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Houston report: hard heads deliver $1 billion asylum seeker plan

The expert panel on asylum seekers has made 22 recommendations, including the establishment of a capacity for processing…

The Houston panel, including, from left, National Security College Director Michael L'Estrange, former defence force chief Angus Houston & refugee advocate Paris Aristotle. AAP

The expert panel on asylum seekers has made 22 recommendations, including the establishment of a capacity for processing asylum seekers in both Nauru and Papua New Guinea, in a report expected to define the government’s future policy on asylum seekers.

The report, which the panel described as “hard-headed but not hard-hearted” and “realistic, but not idealistic”, also recommends the government continue to build on the current arrangement with Malaysia.


Read the full Houston panel report here.


Panel leader Angus Houston said there were no quick and easy solutions to the problem, but that the panel’s recommendations were driven by a sense of humanity as well as fairness.

“Like all Australians we are deeply concerned about this tragic loss of life at sea … to do nothing is unacceptable,” Mr Houston said.

Other recommendations put forward by the Houston panel include increasing the current humanitarian program from 13,000 to 20,000 immediately, and expanding it to 27,000 within five years.

The panel also weighed in on the approach of turning back boat arrivals, saying it could be operationally achieved and would act as a disincentive to people smugglers.

However Mr Houston said it would only be an option if a range of safety of life, diplomatic and legal conditions are met.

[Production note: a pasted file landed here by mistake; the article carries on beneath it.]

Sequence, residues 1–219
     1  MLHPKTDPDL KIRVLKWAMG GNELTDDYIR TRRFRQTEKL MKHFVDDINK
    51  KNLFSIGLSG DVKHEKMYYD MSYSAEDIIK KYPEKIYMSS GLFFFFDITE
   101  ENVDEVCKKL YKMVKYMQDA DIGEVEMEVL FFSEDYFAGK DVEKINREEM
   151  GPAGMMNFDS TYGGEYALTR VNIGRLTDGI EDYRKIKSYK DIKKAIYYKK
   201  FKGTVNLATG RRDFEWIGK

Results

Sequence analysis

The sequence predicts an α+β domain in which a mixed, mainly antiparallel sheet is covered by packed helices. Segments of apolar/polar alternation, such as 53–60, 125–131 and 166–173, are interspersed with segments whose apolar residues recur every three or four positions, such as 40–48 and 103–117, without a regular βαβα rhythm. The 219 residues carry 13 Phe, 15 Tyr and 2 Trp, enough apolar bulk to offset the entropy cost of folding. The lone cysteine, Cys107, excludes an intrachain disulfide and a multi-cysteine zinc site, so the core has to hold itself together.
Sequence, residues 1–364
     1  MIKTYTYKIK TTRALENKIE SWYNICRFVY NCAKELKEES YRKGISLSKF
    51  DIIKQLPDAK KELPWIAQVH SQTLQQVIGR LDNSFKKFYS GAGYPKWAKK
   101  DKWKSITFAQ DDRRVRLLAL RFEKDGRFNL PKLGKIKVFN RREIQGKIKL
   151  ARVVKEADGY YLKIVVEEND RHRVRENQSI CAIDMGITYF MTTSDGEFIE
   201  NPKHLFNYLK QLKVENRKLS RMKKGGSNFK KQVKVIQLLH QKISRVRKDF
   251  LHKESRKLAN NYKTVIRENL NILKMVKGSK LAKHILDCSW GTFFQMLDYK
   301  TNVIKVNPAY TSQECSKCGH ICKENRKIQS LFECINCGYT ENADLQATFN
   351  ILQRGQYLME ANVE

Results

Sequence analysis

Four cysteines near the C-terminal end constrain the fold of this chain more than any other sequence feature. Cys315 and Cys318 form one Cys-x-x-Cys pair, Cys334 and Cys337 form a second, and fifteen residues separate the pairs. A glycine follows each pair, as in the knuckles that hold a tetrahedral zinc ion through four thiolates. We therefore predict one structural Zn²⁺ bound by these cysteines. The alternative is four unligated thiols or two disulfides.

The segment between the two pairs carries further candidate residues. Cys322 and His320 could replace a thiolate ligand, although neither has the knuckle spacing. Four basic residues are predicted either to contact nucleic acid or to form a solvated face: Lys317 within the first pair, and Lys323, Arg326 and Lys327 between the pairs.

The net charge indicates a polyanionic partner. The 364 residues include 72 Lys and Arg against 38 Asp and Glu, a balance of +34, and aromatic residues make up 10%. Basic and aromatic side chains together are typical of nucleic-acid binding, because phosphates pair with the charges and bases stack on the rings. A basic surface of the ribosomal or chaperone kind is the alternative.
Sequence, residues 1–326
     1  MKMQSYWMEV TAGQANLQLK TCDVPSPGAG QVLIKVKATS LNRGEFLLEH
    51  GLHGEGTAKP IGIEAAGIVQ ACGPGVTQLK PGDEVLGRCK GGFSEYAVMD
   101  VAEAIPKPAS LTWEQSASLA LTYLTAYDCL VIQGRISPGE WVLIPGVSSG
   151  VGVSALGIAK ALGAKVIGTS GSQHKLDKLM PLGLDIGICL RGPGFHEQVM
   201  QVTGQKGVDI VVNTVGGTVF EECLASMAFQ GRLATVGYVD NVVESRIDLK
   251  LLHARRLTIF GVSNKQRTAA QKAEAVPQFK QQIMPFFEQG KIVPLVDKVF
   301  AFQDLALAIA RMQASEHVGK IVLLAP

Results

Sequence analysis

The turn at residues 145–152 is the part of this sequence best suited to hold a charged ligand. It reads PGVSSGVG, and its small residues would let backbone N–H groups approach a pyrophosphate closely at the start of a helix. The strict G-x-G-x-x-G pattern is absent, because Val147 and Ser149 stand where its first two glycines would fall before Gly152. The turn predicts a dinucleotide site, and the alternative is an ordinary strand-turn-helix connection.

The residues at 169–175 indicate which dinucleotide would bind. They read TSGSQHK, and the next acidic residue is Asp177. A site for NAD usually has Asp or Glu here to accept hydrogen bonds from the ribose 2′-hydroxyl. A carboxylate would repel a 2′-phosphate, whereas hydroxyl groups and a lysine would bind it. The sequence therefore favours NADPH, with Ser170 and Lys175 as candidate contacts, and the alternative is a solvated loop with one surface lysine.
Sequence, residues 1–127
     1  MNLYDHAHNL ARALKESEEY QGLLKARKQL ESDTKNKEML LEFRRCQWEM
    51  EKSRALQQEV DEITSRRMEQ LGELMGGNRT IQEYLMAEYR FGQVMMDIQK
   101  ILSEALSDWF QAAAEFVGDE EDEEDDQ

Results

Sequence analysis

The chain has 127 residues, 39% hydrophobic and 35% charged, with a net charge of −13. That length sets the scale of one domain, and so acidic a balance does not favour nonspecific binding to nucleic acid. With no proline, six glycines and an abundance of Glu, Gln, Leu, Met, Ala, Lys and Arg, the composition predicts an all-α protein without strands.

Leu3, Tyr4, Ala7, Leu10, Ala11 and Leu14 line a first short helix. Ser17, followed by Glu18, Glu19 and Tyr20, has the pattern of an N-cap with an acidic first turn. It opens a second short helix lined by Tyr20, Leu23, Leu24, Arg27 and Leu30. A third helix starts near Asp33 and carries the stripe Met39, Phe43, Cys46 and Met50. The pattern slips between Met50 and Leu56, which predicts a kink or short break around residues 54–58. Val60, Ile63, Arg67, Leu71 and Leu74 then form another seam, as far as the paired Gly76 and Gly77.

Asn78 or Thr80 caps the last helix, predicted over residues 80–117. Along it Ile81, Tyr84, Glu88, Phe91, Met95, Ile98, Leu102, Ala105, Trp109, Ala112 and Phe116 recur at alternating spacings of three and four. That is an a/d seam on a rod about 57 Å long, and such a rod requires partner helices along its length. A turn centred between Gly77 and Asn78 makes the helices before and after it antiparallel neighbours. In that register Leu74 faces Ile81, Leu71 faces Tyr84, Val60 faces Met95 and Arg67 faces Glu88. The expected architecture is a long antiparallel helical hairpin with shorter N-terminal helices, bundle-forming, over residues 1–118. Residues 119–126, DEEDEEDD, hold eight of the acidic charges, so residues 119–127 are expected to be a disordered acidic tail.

“Currently the panel doesn’t believe those conditions exist though they could in the future,” Mr Houston said.

The panel recommended urgently advancing bilateral cooperation on asylum seeker issues with Indonesia, including the allocation of an increased number of humanitarian program resettlement places for Indonesia, enhanced cooperation on surveillance and search and rescue operations, and changes to Australian law in relation to Indonesian minors and others crewing unlawful boat voyages from Indonesia to Australia.

The panel also recommended an increase of 4,000 places in the family migration program, with measures designed to incentivise asylum seekers to use “regular pathways' for migration to Australia, as opposed to more dangerous maritime routes.

“We believe current family reunion concessions for immediate family applicants where they are sponsored by a person who arrived by irregular maritime means should be removed,” Mr Houston said.

The recommendations, should they be adopted, will come at a cost to the government of A$1 billion a year; however Mr Houston said the cost needs to be offset against expenditures currently incurred as a result of managing the increasing number of unauthorised arrivals.

The report largely fails to pick up on the recommendations of The Conversation’s asylum seeker expert panel, which drafted a position tailored to the Houston panel.

It proposed the immediate doubling of Australia’s annual refugee and humanitarian resettlement program and the establishment of asylum claim processing centres in countries such as Indonesia, Pakistan and Malaysia.

It also recommended Australia take a leadership position in the Asia Pacific, working in partnership with its neighbours to implement fair and just measures in responding to asylum seekers in the region.

Today The Conversation will bring you the reactions of experts to the Houston panel’s recommendations.


Helen Ware, Professor, International Agency Leadership at University of New England

I think their tag line ‘hard headed not hard hearted’ is a reasonable summary of what they’ve achieved.

It is a step forward, but subject to whether the opposition goes with it, because I don’t think the Greens will.